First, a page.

Water produced in a polymer electrolyte membrane (PEM) fuel cell enhances membrane proton conductivity; this positive feedback loop can lead to current ignition. Gas-phase convection and membrane diffusion of water coupled with water production in a simplified two-dimensional PEM fuel cell leads to localized ignition and current density front propagation in the cell. Co-current gas flow in the anode and cathode channels causes ignition at the cell outlet, and membrane diffusion causes the front to slowly propagate toward the inlet; counter-current flow in the anode and cathode channels causes ignition in the interior of the cell, with the current density fronts subsequently spreading toward both inlets. The basic chemistry and physics of the spatiotemporal nonlinear dynamics of the two-dimensional fuel cell current can be captured by extending a simple one-dimensional stirred tank reactor model to a "tanks-in-series" model.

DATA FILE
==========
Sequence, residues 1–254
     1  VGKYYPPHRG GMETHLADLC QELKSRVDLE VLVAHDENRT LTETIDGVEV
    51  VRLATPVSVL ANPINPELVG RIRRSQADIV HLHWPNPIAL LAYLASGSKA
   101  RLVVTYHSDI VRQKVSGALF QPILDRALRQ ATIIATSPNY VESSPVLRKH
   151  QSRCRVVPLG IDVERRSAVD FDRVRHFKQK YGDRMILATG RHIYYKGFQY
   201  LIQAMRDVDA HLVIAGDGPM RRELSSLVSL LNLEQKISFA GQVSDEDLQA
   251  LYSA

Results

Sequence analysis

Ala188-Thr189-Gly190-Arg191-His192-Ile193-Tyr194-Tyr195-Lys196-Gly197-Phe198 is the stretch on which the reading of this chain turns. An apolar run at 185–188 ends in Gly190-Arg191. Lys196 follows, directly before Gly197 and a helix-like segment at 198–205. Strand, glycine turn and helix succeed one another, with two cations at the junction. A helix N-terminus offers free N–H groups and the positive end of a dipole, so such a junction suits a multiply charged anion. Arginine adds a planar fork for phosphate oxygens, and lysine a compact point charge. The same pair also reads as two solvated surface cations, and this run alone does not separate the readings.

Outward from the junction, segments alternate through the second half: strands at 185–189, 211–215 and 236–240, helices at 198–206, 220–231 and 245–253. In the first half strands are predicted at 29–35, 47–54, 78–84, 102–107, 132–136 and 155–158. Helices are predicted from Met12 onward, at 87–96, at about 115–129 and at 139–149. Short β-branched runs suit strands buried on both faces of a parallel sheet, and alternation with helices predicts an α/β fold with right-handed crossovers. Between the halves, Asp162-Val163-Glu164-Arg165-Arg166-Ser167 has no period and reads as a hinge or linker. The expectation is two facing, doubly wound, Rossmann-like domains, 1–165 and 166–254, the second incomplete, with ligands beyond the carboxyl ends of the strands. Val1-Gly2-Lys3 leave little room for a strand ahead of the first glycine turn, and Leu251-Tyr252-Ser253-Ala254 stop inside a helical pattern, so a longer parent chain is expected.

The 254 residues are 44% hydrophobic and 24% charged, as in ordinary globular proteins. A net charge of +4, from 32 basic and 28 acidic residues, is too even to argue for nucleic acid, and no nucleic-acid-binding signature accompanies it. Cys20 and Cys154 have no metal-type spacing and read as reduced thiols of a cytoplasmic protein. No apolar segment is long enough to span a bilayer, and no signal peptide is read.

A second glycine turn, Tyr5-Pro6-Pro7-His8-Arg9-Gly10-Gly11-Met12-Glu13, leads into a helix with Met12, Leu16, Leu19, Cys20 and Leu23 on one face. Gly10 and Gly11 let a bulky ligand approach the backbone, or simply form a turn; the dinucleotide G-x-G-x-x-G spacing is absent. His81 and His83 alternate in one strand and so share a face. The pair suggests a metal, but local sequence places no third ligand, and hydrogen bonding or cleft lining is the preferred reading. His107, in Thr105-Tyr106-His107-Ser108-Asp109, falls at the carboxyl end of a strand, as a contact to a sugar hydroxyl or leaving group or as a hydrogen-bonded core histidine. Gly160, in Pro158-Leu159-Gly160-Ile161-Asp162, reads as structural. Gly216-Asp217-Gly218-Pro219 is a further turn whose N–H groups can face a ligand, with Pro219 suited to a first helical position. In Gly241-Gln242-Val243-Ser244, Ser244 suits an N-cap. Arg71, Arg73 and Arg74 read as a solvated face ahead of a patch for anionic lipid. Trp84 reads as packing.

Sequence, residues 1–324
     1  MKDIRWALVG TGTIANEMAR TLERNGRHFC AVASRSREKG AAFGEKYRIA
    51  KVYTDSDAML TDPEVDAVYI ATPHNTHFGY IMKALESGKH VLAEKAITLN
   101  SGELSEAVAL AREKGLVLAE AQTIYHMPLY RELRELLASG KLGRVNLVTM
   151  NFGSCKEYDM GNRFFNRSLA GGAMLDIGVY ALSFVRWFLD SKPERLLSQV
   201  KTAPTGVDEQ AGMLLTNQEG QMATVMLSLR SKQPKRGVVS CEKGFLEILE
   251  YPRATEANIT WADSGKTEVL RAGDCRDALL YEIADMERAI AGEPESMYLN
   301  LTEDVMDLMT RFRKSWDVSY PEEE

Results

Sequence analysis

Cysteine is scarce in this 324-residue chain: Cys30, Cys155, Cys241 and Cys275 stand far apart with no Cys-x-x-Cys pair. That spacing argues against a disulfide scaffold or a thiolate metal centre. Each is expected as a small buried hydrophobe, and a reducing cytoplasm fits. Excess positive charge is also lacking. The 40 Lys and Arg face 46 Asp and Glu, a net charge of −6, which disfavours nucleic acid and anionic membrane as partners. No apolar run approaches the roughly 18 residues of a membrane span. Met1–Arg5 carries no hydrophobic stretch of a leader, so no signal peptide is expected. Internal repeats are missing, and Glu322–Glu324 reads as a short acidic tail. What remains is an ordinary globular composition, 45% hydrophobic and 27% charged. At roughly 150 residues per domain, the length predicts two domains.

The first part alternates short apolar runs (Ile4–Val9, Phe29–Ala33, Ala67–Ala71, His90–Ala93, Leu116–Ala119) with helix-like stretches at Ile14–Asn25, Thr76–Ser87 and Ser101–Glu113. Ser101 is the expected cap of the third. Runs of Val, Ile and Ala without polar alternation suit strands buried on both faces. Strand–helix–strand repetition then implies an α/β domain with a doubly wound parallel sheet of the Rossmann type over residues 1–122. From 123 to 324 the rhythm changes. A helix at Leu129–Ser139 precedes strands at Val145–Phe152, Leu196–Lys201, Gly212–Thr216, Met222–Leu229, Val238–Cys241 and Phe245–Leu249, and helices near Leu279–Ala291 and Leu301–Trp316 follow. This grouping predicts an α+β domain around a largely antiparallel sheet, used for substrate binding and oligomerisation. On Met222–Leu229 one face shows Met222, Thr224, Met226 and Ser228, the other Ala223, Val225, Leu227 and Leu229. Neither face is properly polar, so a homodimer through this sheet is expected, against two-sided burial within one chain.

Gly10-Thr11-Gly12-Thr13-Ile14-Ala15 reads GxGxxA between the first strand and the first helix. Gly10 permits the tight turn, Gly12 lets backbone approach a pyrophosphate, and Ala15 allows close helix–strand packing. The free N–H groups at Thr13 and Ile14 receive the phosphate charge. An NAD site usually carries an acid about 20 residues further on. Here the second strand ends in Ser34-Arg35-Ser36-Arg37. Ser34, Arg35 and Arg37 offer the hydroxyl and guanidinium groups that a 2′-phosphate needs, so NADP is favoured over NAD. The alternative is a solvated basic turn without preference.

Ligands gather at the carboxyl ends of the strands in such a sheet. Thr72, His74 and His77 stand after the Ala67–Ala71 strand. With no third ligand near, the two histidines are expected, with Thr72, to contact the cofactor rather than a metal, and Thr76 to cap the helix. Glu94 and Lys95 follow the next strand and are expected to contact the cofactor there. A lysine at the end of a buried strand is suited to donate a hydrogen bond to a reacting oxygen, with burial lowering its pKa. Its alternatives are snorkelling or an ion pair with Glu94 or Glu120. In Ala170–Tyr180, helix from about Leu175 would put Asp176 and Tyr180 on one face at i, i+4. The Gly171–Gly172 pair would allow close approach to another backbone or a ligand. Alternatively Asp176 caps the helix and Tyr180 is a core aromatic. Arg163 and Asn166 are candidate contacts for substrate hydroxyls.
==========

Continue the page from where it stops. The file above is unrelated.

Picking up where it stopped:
All Science Journal Classification (ASJC) codes
- Electronic, Optical and Magnetic Materials
- Physical and Theoretical Chemistry
- Surfaces, Coatings and Films